About S.A.Y DetroitS.A.Y ("Super All Year") Detroit was formed in 2006 after author Mitch Albom challenged residents to support the homeless in the same spirit in which they had volunteered over a Super Bowl weekend. S.A.Y. Detroit serves as an umbrella organization for one of its major programs, S.A.Y. Play
About S.A.Y Detroit
S.A.Y ("Super All Year") Detroit was formed in 2006 after author Mitch Albom challenged residents to support the homeless in the same spirit in which they had volunteered over a Super Bowl weekend. S.A.Y. Detroit serves as an umbrella organization for one of its major programs, S.A.Y. Play Center.
In the spring of 2017, S.A.Y. Detroit introduced co-ed baseball for a U10 and U12 team. With a high interest rate, the organization plans to form a softball team in the spring of 2018.
In 2014, Detroit's mayor asked S.A.Y. Detroit to re-open a shuttered recreation center as a premier training center for young people. The hope was to have youth be able to participate in fitness and sports in return for a commitment to earning at least a 3.0 GPA in school.
Lipke Park, a dilapidated field at the recreation center, was a focal point of the project. S.A.Y. Detroit wished to bring baseball to the northeast side of the city, a neighborhood that historically has been one of Detroit's most violent and challenged communities. The natural-grass youth baseball field would be renovated with the hope participation in baseball/softball would increase. In order to accomplish the task, S.A.Y. Detroit teamed up with Detroit PAL to create new youth baseball and softball teams comprised of children attending the center.
For funding of Lipke Park, S.A.Y. Detroit turned to BTF, the Detroit Tigers and Albom, as part of a larger $1.8 million renovation of the recreation center.
A 2016 BTF grant of $80,000 was used to renovate the diamond, which included infield work, drainage, replacement of a backstop, fencing repairs and the purchase of field maintenance equipment. The field was dedicated as The Honorable Judge Damon J. Keith Field.
Q&A with Mike Tenbusch
Tenbusch is the executive director of S.A.Y Detroit Play Center and author of "The Jonathan Effect," a guide for those wanting to make a difference in American cities.
How and when did you get involved or become interested in baseball?
Tenbusch: In 1997, I co-founded Think Detroit with Dan Varner to build character in young people through sports and leadership development. We started with a baseball league for 120 children that has grown to serve 1,500 young people in Detroit. With the support of BTF, we completed a $1.3 million renovation of four baseball diamonds on Detroit's riverfront in 2001, and we later merged with the Detroit Police Athletic League.
Describe your organization's staff structure.
Tenbusch: Mitch Albom is the chair of our board of directors, and we have four full-time staff and six part-time staff to deliver an after school program and summer camp experience to 400 people each year.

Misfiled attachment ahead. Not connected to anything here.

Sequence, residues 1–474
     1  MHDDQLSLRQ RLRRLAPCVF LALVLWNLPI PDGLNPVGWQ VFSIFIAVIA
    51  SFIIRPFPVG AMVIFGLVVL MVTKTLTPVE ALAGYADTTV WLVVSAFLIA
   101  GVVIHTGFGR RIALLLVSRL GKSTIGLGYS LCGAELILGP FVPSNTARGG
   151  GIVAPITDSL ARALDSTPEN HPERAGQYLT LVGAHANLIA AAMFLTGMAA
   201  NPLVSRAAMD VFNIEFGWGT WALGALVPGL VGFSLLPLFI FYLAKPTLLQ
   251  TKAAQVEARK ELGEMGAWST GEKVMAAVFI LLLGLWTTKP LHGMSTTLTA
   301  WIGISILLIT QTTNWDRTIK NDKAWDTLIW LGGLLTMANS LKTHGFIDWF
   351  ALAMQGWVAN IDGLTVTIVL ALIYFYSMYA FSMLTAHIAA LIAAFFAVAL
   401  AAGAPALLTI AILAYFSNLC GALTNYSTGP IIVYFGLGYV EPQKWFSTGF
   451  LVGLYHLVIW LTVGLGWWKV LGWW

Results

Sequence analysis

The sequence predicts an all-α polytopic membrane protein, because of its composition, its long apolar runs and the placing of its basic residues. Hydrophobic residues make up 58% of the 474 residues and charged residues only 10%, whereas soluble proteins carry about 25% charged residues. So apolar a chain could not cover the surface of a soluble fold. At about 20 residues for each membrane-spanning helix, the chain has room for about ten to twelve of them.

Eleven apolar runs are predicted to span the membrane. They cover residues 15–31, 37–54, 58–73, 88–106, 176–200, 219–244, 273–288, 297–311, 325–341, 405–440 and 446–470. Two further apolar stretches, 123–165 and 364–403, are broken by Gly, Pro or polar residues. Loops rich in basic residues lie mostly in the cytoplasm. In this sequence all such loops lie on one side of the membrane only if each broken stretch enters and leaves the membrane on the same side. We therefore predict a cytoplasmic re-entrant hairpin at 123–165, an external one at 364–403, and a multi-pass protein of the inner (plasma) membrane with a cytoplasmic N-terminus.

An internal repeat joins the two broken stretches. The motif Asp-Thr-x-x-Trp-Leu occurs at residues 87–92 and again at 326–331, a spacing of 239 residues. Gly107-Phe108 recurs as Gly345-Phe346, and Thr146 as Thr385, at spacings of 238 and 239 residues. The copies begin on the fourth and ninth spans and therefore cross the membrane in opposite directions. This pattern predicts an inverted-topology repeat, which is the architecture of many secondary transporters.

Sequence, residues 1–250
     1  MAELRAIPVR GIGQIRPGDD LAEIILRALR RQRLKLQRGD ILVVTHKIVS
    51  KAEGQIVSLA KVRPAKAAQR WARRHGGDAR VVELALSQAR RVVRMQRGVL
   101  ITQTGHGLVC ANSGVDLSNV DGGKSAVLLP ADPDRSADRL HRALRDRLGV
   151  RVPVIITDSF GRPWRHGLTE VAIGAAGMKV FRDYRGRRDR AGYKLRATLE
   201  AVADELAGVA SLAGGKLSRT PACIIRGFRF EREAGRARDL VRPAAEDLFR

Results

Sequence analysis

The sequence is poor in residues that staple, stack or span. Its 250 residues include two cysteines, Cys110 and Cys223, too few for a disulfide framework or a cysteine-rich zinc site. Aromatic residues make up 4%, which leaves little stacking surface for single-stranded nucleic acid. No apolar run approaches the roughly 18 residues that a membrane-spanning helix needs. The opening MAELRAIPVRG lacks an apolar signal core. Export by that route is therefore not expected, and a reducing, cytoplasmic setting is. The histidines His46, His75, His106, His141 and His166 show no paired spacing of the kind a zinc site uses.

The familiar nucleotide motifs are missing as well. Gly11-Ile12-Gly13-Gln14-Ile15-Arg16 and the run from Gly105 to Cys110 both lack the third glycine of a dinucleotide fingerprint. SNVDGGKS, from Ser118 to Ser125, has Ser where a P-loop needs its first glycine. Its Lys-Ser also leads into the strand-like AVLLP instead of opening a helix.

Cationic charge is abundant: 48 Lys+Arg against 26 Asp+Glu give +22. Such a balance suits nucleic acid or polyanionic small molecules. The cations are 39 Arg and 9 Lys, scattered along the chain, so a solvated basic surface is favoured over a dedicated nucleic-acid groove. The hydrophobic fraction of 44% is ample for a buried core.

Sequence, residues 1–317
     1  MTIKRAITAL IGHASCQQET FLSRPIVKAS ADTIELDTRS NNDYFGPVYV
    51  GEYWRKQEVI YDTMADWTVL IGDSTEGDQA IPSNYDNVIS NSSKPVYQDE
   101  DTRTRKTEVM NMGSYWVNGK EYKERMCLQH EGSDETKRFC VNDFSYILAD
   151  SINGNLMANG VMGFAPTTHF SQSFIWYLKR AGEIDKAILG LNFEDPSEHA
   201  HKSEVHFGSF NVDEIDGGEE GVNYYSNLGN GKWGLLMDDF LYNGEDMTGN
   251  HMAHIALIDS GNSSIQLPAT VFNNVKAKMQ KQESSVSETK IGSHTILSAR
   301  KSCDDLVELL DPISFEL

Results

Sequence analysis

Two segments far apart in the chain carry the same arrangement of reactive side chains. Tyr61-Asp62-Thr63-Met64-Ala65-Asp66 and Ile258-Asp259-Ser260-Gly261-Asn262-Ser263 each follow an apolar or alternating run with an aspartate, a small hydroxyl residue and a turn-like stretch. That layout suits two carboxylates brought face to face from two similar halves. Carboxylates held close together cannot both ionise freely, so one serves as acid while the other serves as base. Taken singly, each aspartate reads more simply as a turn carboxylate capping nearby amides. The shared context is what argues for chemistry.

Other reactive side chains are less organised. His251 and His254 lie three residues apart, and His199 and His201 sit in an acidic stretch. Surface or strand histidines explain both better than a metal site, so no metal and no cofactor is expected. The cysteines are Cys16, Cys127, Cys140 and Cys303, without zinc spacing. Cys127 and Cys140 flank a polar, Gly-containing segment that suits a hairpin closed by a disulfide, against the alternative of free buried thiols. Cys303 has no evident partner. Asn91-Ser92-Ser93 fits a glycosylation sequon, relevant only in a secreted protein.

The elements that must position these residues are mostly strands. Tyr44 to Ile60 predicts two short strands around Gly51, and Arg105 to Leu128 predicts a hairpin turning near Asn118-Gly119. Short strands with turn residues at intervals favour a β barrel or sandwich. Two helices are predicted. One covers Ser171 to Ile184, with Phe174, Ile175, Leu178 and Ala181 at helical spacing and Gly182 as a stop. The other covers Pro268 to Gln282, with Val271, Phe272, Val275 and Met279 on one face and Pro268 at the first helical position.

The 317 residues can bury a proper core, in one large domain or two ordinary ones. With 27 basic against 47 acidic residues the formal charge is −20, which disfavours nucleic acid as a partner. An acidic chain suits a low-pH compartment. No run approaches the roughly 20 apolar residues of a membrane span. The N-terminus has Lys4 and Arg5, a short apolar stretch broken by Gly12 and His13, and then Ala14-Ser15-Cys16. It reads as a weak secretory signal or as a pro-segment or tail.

What was the biggest challenge for your organization?
Tenbusch: Unlike when we started 20 years ago, it was much harder to find quality coaches in or near the neighborhood we serve. We solved that when we learned that one of our bus drivers actually played in Think Detroit's baseball league early on and later developed into a college player under some of the best coaches in the league. He became our first coach and made all the difference.
What was the biggest challenge during the project?
Tenbusch: The biggest challenge was timing. We had an opportunity to host Pastor Joel Osteen from Lakewood Church in Houston a few weeks before the scheduled finish date. We decided to turn that into a Pastors vs. Police Charity Softball Game, which brought some much needed fun into some pretty tense times in the summer of 2016, just two weeks after police shootings in Baton Rouge and Minneapolis, as well as shootings of police in Dallas, shook our nation.
How did the project affect your program?
Tenbusch: Some of our boys who struggle most with their emotions when they are hurt, frustrated or disappointed learned how important it is through baseball to take control of those emotions in order to play and do better. We have seen that stay with them long after the season ended.
What has been the most significant or important accomplishment of your organization?
Tenbusch: Our mission is to develop great readers, and this past year our students increased their average GPA in reading from a 2.5 at the beginning of the year to a 2.7 by the end of it.
What would you do differently with the project?
Tenbusch: We are a little bit landlocked, but I would try to get 30 more feet to the fences. We are a regulation 18U softball diamond and 12U baseball diamond. It would be good to have room for our older boys to keep playing here.
What's next for your organization?
Tenbusch: We are going to push for more gains in reading, a higher overall GPA (our current average is 2.6) and to demonstrate excellence in every sport or program we offer, from baseball to tap dancing.
What advice do you have for other organizations?
Tenbusch: Be clear about what your core values are. Don't have more than four of them, and then live them consistently. Invite anybody and everybody to join your mission, but only hire and develop staff and volunteers who show a desire to share and live your core values.